You might have read this blog title and thought to yourself,
“An AC cools, isn’t ice normal?”
Unfortunately, it definitely is not. Ice is never used in
the cooling process, and is not an effective way to cool the home. Rather,
electricity and refrigerant is used to pull heat out from your home, and blow
cooled air from the refrigerant process back in through your vents.
If you do discover
ice on your air conditioner, a.k.a a frozen air conditioner, it’s time to call
The Maynard Man. But how do you know if your AC is, in fact, frozen? Read on!
Your AC Is Blowing Warm Air
This may seem counterintuitive, but it’s probably the first
symptom you’ll notice of a frozen AC. The reason this happens is that the ice
develops along the refrigerant coil and winds up insulating it. This insulated
coil can’t absorb heat from inside your home, meaning the refrigerant process
You See Ice Development
As we mentioned above, ice is never normal on your air
conditioner nor used in the cooling process. So seeing ice on your air conditioner is the sign of a clear problem.
If you notice this problem, we urge you not to try removing the ice on your own,
as this can cause further damage. Rather, shut off your AC and give us a call.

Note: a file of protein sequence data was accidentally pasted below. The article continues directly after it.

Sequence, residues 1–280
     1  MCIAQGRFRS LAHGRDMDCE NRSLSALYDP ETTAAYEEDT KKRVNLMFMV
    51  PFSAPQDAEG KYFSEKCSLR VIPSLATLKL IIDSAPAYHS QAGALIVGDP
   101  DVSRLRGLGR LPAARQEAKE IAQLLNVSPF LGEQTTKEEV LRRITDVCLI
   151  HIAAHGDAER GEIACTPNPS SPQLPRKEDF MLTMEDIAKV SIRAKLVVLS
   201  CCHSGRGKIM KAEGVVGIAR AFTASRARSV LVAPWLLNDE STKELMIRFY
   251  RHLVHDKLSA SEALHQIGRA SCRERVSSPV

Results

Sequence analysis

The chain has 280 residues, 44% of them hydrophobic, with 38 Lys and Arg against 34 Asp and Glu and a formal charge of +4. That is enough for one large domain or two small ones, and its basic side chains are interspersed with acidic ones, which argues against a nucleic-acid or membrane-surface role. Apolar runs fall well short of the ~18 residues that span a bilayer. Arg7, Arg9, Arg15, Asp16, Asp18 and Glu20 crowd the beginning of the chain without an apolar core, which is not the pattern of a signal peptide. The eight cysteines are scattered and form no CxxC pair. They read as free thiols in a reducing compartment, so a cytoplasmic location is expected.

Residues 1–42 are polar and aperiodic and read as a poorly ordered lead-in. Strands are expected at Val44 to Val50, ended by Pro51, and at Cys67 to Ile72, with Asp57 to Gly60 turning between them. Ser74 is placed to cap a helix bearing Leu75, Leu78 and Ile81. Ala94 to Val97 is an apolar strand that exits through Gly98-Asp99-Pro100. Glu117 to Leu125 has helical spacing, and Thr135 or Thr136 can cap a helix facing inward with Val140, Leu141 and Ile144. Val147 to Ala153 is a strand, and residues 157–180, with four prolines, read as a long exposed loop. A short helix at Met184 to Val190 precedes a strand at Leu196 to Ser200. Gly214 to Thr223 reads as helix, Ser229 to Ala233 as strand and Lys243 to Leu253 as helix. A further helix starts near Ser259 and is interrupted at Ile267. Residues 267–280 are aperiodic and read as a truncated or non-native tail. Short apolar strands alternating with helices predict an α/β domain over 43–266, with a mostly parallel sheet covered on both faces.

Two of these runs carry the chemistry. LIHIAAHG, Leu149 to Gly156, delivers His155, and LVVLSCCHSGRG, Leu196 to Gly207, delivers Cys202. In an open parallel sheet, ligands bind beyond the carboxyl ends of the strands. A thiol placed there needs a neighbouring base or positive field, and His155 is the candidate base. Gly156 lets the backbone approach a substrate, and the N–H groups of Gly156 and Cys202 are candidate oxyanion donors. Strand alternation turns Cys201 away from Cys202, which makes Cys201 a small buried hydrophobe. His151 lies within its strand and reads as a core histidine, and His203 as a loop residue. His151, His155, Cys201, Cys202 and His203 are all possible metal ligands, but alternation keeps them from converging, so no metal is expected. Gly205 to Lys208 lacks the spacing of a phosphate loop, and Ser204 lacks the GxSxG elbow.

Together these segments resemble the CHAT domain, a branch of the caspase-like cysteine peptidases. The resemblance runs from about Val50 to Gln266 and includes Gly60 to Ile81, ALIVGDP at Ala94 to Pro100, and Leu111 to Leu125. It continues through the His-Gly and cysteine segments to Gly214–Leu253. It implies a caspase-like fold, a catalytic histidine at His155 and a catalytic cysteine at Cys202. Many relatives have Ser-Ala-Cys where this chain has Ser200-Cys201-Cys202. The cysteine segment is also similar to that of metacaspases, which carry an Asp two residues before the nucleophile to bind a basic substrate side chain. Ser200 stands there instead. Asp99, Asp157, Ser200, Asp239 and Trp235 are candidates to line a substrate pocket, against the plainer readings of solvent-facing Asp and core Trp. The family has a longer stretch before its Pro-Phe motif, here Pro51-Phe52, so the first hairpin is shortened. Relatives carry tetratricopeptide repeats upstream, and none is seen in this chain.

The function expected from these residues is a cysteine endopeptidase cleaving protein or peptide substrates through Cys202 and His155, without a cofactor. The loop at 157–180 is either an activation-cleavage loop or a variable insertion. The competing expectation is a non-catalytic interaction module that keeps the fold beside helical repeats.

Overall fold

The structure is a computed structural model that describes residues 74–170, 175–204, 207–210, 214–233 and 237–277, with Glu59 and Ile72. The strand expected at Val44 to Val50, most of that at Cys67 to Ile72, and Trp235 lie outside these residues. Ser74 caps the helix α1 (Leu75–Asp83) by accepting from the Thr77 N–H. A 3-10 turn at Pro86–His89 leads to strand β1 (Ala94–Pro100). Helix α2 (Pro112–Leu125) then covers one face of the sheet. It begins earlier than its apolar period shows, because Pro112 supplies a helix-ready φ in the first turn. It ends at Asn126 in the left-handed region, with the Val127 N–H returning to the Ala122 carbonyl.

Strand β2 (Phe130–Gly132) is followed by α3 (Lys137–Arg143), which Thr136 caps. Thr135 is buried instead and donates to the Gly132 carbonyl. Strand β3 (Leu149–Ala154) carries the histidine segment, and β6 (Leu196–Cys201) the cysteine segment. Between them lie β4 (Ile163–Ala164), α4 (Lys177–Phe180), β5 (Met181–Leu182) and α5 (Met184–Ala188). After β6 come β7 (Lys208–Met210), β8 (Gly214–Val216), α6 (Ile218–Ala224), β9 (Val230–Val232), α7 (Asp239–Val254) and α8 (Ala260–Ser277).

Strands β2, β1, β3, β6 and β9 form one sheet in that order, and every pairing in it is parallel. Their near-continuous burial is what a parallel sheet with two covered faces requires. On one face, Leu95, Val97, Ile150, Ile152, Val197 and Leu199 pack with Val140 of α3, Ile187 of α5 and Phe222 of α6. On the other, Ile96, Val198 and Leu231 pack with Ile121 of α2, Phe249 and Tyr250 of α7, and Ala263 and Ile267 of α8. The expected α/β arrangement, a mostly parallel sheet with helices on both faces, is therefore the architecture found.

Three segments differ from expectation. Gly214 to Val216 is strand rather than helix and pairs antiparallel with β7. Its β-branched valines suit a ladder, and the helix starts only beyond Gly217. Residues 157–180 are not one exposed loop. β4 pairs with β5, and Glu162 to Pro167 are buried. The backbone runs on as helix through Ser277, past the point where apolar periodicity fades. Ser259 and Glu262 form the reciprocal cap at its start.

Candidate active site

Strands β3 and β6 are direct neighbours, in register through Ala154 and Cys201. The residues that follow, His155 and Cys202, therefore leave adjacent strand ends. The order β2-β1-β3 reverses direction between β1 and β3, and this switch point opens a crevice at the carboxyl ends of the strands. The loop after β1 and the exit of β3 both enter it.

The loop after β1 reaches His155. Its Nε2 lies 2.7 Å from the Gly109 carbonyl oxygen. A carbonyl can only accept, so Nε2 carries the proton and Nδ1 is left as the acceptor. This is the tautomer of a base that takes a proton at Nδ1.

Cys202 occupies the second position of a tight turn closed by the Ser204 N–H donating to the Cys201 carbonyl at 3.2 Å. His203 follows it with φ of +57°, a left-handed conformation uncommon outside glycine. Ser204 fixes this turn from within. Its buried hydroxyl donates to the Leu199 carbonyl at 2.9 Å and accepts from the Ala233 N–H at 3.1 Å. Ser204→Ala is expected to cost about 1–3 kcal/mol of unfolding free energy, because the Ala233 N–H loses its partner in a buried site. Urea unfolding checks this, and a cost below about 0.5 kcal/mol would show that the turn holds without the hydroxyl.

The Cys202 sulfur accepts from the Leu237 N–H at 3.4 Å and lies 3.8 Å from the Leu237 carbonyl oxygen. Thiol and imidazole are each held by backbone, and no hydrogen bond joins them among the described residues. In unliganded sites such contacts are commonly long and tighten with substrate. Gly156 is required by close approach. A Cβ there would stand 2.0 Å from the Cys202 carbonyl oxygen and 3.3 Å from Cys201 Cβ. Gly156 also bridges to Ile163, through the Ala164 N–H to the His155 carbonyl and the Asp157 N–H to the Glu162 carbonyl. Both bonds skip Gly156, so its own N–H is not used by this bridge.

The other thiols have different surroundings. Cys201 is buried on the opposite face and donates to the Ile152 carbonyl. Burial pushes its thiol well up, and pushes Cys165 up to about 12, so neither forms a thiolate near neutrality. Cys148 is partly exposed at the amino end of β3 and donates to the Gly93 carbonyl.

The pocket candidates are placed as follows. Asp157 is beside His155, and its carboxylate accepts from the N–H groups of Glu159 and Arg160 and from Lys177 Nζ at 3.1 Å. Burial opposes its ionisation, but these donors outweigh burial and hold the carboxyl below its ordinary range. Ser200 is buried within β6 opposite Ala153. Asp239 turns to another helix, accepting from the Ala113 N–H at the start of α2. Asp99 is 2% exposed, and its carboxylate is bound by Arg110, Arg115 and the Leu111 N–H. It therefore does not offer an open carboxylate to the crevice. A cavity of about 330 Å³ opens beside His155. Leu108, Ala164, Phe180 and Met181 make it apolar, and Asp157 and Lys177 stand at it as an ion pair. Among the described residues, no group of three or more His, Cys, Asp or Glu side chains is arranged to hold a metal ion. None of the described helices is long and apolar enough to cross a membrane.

You See Water Dripping from Your AC
If you notice water dripping or pooling near your AC, it could be from a couple of factors. First off, it could indeed be from ice that is beginning to thaw and drip. Alternatively, it may be from an overflowing condensate pan allowing condensation out. Regardless of the cause, it’s best to call a pro.
How Does Ice Development Happen?
This is a reasonable question, considering we just said this
isn’t a normal part of the cooling process. There are two primary reasons that
ice may develop on your cooling system’s evaporator coils:
- There is
a lack of airflow due to a clogged filter.
When your air conditioner’s filter is too clogged up with
dust, dirt, and other debris, your system can’t effectively draw in enough air.
That means there isn’t enough air going over the evaporator coils. As a result,
the evaporator coil could fall below freezing due to the refrigerant inside,
and ice then forms on the outside. As we stated above, this will lead to other
problems as well, such as warm air coming from your vents.
- You have
a low refrigerant charge.
A refrigerant charge is
the refrigerant level within your AC. Upon manufacturing, the system is supplied
with enough refrigerant to ideally last its entire lifespan. If your system
loses refrigerant, it means there is a leak. Without enough of this fluid to
distribute heat, the temperature of the evaporator coil reaches below zero and
freezes over. Not only will the ice development cause problems, but so too will
the refrigerant loss. Be sure to call a pro if you suspect this problem with
your air conditioner!